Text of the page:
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Tuesday, February 27, 2024

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ElectionsCampaign TrailBarbara Lee talks about economic inequality in visit to the Mission

Barbara Lee talks about economic inequality in visit to the Mission

Why we need both a wealth tax and a return to pre-Reagan income taxes.

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Rep. Barbara Lee, who is in a tight race for the Democratic nomination for US Senate, was in the Mission Friday, for a merchant walk and meet-and-greet with the Latinx community, as part of a larger statewide outreach move. I got to ask her a question, and she demonstrated why she is one of the few people in Washington who are seriously talking about economic inequality.

My question—which I try to ask anyone running for public office—goes like this:

Two years ago, the RAND Corporation released a study showing that, if we had the same tax structure and economic inequality today that we had in 1975, the bottom 90 percent would have an additional $50 trillion. Should we restore the taxation level of the post-War era [when the very rich paid as much as 80 percent of marginal income in taxes]? What else can we do to address today’s radical economic inequality?

Rep. Barbara Lee is the only candidate for Senate talking seriously about economic inequality. Photo by Ebbe Roe Yovino-Smith

Lee told me about two bills she has introduced, both of which make perfect sense: The OLIGARCH Act, which is a creative approach to a wealth tax, and the CEO Act, which would tax large corporations that pay their CEOs more than 50 times what the median worker makes.

The OLIGARCH Act (read the text here) has an interesting approach: A wealth tax, ranging from 2 to 8 percent, based on how much on individual’s wealth exceeds that of the median taxpayer.

When the wealth gap is radical, as it is today, the taxes will be higher. If the gap evens, as it was in the post-War era, the taxes would be lower.

From Lee:

This level of wealth is not just a source of economic injustice, but a major threat to democracy: the richest 400 people in the U.S. have 22,000 times the political power of the average American. At a time when the GOP is pushing for even deeper tax cuts, I am proud to introduce this vital bill with my progressive colleagues to hold billionaires accountable and make democracy work for the people, not the oligarchs.

The CEO Act is similar to a tax San Francisco imposed in 2020.

Lee told me that “income inequality continues to grow … the gap’s overwhelming, poverty rates are going up.”

Like everyone else I have interviewed in national politics in the past 20 years, she stopped short of saying that the US should return the top marginal income tax rate to what it was before the election of Ronald Reagan.

“I don’t know if we should go back to 1975,” she said.

I understand: Nobody who is running for high office wants to be tagged as the candidate who is going to raise income taxes. The news media is terrible about this. Even discussion about raising income taxes on the very rich gets played as “tax hikes on working people.”

It’s hard for reporters to comprehend that a 70 percent tax bracket doesn’t mean that anyone pays 70 percent of their income to the government. That’s not how progressive taxes work.

Here’s the chart. Everyone, rich or poor, pays the same 10 percent of their first $10,275. Everyone, rich or poor, pays the same 12 percent of the amount between $10,275 and $41,775. That continues through the brackets.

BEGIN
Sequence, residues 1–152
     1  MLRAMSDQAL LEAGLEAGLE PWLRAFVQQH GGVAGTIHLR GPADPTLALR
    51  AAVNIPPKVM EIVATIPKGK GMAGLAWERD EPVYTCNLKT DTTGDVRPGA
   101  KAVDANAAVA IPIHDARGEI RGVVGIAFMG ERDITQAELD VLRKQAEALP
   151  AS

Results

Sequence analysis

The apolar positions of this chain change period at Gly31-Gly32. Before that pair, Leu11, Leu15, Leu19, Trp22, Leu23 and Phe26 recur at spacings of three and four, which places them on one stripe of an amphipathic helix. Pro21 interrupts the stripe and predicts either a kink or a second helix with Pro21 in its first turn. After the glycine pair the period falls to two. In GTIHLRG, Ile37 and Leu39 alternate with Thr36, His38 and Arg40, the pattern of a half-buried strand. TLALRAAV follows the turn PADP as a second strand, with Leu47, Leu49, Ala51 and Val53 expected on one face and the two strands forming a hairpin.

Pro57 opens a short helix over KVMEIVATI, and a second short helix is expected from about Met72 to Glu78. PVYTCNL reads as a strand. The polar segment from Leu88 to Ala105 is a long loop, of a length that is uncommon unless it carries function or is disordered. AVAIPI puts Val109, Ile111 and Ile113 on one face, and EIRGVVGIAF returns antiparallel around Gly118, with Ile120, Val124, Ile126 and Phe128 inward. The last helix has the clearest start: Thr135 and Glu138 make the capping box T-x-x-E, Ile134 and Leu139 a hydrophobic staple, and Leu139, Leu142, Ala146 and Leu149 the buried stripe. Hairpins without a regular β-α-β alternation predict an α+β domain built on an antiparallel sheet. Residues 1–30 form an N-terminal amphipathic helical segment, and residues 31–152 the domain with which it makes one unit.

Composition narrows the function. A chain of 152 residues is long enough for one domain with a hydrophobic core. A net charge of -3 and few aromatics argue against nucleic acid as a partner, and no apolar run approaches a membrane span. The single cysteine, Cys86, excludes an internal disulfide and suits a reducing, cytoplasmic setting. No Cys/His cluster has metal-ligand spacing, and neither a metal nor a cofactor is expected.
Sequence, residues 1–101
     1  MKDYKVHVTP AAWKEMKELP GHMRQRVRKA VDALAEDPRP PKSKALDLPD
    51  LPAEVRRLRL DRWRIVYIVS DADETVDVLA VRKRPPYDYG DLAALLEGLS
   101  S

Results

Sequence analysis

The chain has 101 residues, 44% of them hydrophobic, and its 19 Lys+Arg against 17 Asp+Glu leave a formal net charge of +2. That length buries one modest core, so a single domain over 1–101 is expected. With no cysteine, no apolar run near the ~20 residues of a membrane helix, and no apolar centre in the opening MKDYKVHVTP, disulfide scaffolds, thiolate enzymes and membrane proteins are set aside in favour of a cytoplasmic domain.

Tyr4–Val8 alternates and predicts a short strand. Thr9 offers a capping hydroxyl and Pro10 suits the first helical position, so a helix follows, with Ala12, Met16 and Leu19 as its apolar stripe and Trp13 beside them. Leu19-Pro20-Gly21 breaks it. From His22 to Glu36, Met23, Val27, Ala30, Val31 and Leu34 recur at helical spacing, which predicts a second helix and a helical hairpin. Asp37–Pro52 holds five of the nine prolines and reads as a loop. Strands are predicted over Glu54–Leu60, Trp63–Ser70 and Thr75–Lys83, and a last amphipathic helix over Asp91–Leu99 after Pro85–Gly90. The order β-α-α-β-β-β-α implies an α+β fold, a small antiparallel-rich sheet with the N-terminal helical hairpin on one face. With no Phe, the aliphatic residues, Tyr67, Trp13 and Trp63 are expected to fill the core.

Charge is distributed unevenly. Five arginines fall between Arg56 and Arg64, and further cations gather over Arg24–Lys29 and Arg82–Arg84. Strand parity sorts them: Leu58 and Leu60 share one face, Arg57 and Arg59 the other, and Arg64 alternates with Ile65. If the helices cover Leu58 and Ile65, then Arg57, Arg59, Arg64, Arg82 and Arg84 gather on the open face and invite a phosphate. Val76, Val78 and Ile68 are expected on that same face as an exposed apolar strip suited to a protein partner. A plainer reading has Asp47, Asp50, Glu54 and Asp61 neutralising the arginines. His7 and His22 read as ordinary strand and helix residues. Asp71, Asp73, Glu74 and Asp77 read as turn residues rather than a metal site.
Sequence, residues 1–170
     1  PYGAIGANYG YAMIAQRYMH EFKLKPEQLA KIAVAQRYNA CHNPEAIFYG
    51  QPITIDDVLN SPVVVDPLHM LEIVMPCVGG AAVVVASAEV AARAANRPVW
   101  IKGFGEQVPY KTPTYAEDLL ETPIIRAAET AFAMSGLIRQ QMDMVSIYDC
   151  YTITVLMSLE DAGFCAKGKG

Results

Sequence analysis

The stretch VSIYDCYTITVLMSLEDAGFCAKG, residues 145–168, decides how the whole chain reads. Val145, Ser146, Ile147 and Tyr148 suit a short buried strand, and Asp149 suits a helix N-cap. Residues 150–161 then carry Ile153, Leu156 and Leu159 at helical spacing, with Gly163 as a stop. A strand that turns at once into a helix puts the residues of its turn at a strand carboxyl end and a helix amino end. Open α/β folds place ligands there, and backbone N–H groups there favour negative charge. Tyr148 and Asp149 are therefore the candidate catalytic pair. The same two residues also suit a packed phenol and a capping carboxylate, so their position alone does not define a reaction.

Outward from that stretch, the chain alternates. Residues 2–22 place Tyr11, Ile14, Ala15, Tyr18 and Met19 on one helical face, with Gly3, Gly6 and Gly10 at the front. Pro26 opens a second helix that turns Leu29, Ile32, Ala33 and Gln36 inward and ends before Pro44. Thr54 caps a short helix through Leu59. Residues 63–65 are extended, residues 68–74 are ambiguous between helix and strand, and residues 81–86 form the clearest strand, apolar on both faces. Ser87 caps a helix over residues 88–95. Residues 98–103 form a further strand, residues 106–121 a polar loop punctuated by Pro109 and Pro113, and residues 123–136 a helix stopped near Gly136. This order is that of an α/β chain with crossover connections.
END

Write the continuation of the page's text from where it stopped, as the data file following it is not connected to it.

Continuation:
The very rich, who earn more than $539,900 (for a single person) pay 37 percent of the amount over $539,900.

The idea is that once you have half a million in income, you don’t need as much of the next dollar you earn.

The system in place from World War II until 1980 added higher categories (here’s a hard-to-read chart.) in 1968, if you made more than $200,000 (that’s $1.178 million in 2023 dollars), you paid 70 percent of your marginal income. That seems like a lot—except that in 1968, nothing cost anywhere near what it does today. Even with high marginal taxes, we had lots of affordable housing. People had enough left after taxes to have decent lives, but the rich didn’t have enough left to price the rest of us out of the game.

The price of housing hasn’t increased just because, as the Yimbys say, there’s not enough supply; it’s because rich people get to keep so much of their money that they can afford to pay huge sums for housing. And for cars. And for so many other things.

That’s one of the roots of economic inequality.

Now, because we haven’t taxed income fairly for more than 40 years, we have no choice but to push for wealth taxes. But that wealth wouldn’t have accumulated without the Reagan-era tax cuts, that no Democratic president or Congress since then has challenged.

The $50 trillion the rich have stolen would pay for free college education, free national health care, cheap social housing, and end to homelessness, and so much more.

The wealth tax is critical to addressing the immediate crisis of economic inequality. The progressive income tax is critical to preventing it in the future.

That’s probably not a winning strategy for US Senate today. Which is a very, very sad commentary on the state of US news media.

48 Hills welcomes comments in the form of letters to the editor, which you can submit here. We also invite you to join the conversation on our FacebookTwitter, and Instagram

Tim Redmond
Tim Redmond
Tim Redmond has been a political and investigative reporter in San Francisco for more than 30 years. He spent much of that time as executive editor of the Bay Guardian. He is the founder of 48hills.

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